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How to manage the chronic pelvic pain syndrome in men presenting to sexual health services
  1. Megan Crofts1,
  2. Kate Mead2,
  3. Raj Persad3,
  4. Paddy Horner1,4
  1. 1Bristol Sexual Health Centre, University Hospitals Bristol NHS Foundation Trust, Bristol, UK
  2. 2Bristol University Medical School, Bristol, UK
  3. 3Department of Urology, North Bristol NHS Trust, Bristol, UK
  4. 4School of Social and Community Medicine, University of Bristol, Bristol, UK
  1. Correspondence to Dr Patrick Horner, School of Social and Community Medicine, University of Bristol, 39 Whatley Rd, Bristol, UK; Paddy.Horner{at}

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Chronic pelvic pain syndrome (CPPS) in men is an important and common condition in genitourinary medicine (GUM) and other sexual health services. It has a lifetime prevalence of 2%–14%.1–4 The terms CPPS and chronic prostatitis are often used interchangeably to describe a syndrome which causes perineal and genital pain that can be unrelenting and physically, as well as emotionally, exhausting.1–5 The median age of patients affected is 43 years and the syndrome is usually of sudden onset,2 ,4 though classically CPPS is only diagnosed when symptoms have been present for at least 3 months.1 ,5 Due to the nature of CPPS pain, including dysuria, penile tip, perineal, testicular and ejaculatory pain, as well as other commonly associated symptoms such as urinary frequency, patients often present to GUM departments, usually at onset of the acute phase; however no data are available as to the frequency of presentation.1 ,5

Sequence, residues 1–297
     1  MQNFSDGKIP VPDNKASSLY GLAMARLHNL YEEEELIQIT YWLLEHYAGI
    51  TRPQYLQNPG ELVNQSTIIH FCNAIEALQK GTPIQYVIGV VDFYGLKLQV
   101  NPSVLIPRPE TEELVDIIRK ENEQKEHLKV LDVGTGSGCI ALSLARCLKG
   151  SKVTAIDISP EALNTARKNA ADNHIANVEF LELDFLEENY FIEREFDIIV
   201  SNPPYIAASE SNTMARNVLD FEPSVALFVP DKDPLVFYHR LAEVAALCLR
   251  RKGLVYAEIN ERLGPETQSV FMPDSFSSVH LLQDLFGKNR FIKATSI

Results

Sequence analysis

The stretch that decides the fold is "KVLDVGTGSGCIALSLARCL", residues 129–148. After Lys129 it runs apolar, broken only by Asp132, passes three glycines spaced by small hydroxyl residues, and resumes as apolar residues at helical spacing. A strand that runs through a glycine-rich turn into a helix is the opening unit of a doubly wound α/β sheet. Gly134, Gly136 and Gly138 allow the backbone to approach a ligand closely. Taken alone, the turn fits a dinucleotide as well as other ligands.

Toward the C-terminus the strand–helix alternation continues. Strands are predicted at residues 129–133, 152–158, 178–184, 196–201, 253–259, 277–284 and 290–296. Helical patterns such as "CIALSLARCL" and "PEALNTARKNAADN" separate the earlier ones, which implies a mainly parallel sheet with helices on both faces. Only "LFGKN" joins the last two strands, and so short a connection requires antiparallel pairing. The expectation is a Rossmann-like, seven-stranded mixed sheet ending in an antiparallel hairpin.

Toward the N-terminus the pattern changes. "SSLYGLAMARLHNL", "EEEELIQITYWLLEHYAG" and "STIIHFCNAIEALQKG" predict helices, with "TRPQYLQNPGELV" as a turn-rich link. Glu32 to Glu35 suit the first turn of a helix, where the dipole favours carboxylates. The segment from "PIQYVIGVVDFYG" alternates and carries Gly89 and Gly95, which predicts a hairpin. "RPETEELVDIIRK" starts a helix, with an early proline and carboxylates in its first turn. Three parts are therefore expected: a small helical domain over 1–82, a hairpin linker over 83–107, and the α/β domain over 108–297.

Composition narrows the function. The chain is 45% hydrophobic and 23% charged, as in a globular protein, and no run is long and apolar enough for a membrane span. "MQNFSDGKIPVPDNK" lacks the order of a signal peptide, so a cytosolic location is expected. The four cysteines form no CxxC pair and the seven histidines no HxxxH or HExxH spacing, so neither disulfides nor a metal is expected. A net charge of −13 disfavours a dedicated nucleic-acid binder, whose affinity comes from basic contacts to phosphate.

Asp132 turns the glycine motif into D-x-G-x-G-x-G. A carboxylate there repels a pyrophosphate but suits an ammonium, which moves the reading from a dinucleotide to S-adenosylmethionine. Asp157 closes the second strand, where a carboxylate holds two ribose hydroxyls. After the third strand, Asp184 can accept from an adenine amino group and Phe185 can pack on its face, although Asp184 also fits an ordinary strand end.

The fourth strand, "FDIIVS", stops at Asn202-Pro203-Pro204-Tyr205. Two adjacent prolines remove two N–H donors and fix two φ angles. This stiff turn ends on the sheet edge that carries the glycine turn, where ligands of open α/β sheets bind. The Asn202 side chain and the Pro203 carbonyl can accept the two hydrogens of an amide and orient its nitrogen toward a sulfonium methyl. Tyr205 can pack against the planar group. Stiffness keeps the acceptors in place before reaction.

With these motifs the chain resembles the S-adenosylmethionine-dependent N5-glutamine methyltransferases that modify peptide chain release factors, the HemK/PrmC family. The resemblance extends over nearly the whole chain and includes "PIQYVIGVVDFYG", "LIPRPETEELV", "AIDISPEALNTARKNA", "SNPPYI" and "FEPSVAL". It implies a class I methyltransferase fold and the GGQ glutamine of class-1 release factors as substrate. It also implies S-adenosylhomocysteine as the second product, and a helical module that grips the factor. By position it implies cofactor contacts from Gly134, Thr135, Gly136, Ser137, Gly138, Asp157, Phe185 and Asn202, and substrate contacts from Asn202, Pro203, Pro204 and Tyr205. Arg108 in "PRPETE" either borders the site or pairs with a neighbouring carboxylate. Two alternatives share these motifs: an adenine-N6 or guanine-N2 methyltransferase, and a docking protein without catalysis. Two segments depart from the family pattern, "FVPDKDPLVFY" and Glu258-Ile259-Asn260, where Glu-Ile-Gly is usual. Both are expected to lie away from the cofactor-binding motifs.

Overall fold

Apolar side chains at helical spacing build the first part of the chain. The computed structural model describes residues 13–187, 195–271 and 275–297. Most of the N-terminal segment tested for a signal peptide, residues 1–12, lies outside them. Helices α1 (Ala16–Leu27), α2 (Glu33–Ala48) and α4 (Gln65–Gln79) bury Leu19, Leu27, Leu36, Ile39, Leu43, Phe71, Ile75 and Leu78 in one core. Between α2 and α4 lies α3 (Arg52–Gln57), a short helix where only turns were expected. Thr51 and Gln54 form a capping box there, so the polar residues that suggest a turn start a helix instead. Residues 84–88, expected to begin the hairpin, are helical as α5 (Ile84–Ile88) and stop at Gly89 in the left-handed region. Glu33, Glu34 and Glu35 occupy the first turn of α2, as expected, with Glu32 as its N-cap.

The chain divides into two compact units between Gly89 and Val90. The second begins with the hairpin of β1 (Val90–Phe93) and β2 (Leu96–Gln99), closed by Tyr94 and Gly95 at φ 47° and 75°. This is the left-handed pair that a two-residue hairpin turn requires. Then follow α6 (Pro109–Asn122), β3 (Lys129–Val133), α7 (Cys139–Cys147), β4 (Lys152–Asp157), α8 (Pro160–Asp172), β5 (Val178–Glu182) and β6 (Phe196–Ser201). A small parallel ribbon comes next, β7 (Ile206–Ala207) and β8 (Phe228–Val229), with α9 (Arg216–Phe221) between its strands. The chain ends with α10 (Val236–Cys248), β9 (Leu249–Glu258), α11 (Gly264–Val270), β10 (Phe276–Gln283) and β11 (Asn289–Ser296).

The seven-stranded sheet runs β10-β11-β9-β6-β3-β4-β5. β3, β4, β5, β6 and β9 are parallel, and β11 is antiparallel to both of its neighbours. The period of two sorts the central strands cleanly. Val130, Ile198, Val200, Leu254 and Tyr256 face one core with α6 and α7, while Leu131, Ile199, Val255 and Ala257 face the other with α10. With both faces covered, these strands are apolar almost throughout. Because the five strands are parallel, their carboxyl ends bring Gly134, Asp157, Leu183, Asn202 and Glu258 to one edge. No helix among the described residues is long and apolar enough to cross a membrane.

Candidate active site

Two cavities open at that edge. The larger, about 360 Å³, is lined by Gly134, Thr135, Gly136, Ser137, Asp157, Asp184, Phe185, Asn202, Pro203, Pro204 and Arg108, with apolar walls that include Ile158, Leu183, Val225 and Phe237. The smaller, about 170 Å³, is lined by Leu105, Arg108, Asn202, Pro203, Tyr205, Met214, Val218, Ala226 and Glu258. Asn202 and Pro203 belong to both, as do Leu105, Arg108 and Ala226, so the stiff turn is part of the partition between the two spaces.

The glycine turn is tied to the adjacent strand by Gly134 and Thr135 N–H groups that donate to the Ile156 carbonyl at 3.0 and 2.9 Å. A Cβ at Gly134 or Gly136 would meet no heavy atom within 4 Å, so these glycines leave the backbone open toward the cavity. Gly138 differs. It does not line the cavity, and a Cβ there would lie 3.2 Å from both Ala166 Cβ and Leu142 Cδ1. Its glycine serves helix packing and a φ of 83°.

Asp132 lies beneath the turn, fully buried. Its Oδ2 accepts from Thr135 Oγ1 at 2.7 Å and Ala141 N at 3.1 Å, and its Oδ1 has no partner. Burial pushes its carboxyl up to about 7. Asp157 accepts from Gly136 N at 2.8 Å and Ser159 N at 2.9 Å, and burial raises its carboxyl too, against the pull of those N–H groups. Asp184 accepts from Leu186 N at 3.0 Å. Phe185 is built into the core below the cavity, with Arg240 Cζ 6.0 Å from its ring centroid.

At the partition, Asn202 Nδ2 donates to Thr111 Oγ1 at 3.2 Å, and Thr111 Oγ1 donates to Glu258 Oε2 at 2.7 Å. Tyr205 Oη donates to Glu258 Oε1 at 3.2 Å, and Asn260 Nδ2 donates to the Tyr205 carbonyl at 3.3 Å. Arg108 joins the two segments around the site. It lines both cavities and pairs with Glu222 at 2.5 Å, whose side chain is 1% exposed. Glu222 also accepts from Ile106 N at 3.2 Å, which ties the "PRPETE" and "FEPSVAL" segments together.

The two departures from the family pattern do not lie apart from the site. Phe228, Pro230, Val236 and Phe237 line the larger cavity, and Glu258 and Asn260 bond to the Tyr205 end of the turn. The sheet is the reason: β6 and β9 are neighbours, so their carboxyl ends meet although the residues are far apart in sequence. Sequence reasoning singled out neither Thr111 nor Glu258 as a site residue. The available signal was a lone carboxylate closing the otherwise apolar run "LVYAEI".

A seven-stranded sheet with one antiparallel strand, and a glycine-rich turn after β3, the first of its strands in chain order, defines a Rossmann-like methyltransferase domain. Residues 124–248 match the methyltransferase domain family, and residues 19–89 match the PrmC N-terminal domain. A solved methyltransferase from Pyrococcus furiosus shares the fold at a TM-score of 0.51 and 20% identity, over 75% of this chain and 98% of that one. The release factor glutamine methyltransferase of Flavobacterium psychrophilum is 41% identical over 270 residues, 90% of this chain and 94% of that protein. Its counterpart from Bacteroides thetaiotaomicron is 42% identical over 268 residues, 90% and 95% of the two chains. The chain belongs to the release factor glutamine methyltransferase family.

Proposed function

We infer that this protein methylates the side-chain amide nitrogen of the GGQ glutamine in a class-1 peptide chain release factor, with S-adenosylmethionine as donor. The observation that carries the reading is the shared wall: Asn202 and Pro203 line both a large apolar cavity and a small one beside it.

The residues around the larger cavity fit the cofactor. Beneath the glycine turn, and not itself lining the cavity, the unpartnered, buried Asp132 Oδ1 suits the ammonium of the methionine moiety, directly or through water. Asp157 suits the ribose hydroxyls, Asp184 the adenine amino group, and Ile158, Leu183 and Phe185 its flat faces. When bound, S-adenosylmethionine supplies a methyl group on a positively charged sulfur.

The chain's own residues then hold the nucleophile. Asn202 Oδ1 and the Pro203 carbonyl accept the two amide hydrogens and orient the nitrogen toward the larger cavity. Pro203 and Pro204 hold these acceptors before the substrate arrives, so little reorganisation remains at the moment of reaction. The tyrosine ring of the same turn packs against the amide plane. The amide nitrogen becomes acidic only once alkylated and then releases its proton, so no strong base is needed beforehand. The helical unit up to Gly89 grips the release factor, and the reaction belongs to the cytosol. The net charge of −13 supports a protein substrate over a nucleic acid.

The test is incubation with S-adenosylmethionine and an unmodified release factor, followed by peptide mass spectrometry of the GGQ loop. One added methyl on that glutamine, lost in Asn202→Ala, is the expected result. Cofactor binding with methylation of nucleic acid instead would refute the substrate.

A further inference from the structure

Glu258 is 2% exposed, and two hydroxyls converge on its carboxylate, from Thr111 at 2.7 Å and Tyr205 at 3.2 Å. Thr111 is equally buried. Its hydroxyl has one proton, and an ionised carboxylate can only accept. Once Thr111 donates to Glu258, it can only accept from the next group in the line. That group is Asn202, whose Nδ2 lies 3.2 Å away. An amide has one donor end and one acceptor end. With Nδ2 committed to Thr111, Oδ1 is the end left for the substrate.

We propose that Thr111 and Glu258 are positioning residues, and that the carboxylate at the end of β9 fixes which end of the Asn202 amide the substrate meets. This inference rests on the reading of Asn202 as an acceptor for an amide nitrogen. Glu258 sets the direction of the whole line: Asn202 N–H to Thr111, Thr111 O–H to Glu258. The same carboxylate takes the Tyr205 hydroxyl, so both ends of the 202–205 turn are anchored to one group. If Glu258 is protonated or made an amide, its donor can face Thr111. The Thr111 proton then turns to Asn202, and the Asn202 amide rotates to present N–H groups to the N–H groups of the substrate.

Managing men with CPPS is challenging as the aetiology is poorly understood, diagnosis is one of exclusion and management strategies are suboptimal.1 ,4 ,5 A number of hypotheses have been proposed as to the causes of CPPS, both infective and non-infective. It is well recognised that men with acute non-gonococcal urethritis (NGU) may go on to develop chronic urethritis.6 Although published data are limited, men with CPPS may have urethritis, and indeed symptom profiles overlap.1 ,6 ,7 W1 W2 Both Mycoplasma genitalium and Ureaplasma urealyticum are associated with chronic NGU although in the majority no infection is detected.6 W3 Chronic bacterial prostatitis is identified in up to 10% and is associated with recurrent urinary tract infections.4 ,5 Evidence supports a non-infective aetiology in the majority of cases. An infectious or inflammatory initiator may result in neurological dysfunction …

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